unless it hits something or somebody

  11. #28
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    Quote Originally Posted by other
    unless it hits something or somebody
    is still legal , if no one saw it !

  12. #29
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    it's illegal.
    the shuttle must pass the area above the net. some more in this case, it was 2 feet under the net, no way it can be considered in.

    a bit off topic, but in volleybal, the same thing applies. you can hit the ball wherever but it must cross the area above the net only...

  13. #30
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    Quote Originally Posted by Arief
    it's illegal.
    the shuttle must pass the area above the net. some more in this case, it was 2 feet under the net, no way it can be considered in.

    a bit off topic, but in volleybal, the same thing applies. you can hit the ball wherever but it must cross the area above the net only...
    In volleyball, there is a pole going straight up at each end of the net. In badminton, there isn't. Because you get to hit the ball 3 times, they have to come up with that rule. It is clear-cut.

    In tennis, you can hit the ball after a bounce, therefore the ball can be well wide of the court. Therefore, the understanding of this rule is very important.

    In contrast, this rule is not that important in badminton. If the shuttle is landing clearly out, then the point should be yours anyway. If you still want to hit it, you're just giving your opponent another chance. Unless you are talking about very strong draft, which will eventually blow the shuttle in, in which case you should not be playing there.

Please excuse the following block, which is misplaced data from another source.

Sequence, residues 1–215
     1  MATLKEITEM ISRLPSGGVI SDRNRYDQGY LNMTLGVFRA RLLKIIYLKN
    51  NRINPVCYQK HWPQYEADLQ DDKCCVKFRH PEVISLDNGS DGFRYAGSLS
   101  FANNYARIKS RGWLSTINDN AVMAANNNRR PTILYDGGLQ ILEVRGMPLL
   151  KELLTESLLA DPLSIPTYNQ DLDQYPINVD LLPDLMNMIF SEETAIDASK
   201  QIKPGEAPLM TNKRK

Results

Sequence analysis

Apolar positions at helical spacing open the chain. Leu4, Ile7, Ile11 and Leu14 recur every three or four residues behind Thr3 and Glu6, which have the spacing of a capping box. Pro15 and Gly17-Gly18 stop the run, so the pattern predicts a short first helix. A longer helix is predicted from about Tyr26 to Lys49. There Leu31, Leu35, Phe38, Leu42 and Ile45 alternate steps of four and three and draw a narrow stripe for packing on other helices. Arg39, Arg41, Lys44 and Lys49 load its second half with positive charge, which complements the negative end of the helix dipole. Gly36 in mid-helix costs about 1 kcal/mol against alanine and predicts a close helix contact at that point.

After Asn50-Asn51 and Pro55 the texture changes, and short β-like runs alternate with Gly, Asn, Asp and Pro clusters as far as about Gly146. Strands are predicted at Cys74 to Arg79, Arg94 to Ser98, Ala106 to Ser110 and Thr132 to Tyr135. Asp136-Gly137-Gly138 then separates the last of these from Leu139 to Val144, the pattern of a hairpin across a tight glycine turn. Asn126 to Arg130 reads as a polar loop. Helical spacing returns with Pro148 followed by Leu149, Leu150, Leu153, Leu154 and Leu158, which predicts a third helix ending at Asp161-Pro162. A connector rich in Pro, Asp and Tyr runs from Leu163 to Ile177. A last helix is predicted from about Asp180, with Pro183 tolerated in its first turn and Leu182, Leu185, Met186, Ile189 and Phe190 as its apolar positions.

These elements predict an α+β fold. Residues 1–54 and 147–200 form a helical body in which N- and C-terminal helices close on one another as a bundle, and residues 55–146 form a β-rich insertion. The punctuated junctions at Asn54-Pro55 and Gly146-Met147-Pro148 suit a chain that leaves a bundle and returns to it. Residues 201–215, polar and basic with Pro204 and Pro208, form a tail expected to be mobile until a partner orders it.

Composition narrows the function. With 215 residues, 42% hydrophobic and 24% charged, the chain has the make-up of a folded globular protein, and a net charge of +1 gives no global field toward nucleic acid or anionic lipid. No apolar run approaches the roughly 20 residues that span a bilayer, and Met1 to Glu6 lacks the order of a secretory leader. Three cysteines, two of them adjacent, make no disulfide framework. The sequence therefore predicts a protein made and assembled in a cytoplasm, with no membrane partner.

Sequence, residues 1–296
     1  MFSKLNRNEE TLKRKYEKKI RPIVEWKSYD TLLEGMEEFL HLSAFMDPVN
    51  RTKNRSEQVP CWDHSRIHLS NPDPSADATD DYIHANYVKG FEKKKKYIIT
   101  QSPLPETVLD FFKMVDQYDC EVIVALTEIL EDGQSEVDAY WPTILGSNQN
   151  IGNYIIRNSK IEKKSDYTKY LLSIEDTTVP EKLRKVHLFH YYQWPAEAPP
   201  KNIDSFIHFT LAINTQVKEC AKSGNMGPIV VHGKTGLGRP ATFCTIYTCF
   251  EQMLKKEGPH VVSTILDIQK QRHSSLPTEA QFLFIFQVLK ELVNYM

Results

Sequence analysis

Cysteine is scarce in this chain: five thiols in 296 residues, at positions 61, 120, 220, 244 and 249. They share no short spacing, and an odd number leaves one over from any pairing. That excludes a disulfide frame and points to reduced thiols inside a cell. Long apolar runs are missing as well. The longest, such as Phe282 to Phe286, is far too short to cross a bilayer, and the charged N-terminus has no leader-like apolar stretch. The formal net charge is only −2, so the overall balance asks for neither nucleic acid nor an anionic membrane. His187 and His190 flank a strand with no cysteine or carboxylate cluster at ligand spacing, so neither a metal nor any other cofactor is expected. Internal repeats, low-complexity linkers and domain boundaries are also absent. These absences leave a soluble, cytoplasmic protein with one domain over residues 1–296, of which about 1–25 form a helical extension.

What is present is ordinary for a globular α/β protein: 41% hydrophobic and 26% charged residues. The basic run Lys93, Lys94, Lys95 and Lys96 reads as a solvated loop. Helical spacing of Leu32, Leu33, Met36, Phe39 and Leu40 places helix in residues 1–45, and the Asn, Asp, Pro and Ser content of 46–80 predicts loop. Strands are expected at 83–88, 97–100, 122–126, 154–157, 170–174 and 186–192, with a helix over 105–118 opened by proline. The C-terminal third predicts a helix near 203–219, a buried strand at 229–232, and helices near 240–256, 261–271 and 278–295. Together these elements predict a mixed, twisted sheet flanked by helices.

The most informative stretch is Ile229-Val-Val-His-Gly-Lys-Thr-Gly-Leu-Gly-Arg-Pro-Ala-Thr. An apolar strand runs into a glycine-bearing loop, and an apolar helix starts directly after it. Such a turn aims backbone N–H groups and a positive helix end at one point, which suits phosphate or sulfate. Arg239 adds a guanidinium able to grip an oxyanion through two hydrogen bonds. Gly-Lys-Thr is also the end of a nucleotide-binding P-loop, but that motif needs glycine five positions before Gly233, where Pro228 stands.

14. #31
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    Ho ho ho, I concede then, I'm at fault-- no way so many BCers could be wrong. Intersting though!

  15. #32
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    My opinion: UNLESS the shuttle passes through the red area AND lands INSIDE the court, it is a fault.
    Attached Images Attached Images  

  16. #33
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    Quote Originally Posted by Gollum
    This exact topic was discussed at my coach part 1 course. The instructors -- these are people who teach coaches, don't forget -- were clear about the issue: it is legal. You can hit it round the side.

    It barely matters anyway. In this situation, the shot is obviously out. His judgement was poor
    the net (in optimum conditions and equipment) such as ibf international events is exactly where its supposed to be. meaning that u don't "extend" where the net would be in your imagination when determining legal/illegal shots. the net is placed so there becuase there is usually no need to hit shots that are as far to the sides, and so the net doesnt extend from one end of the sports hall to the other (like some of you are imagining it to do). if u hit it around the net, u must have done it from a position that was "out" and we'd assume that most people have better judgement.

    the rule says going under or through "the net" is illegal, not "a line at the height of the net extending between the two sides of the court". also consider that the net is higher at the sides than at the middle. which height would u use as your imaginary height?

    the point is that it counts, but it would probably never be seen in a proper competitive match so more exact rules haven't been made (such as for the S serve), but one should still try to follow the common interpretation of the rules. anybody want to ask JR about his take?

  17. #34
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    Man, I'm getting a headache. If I was in this situation and couldn't come to an agreement, I would just play the point over.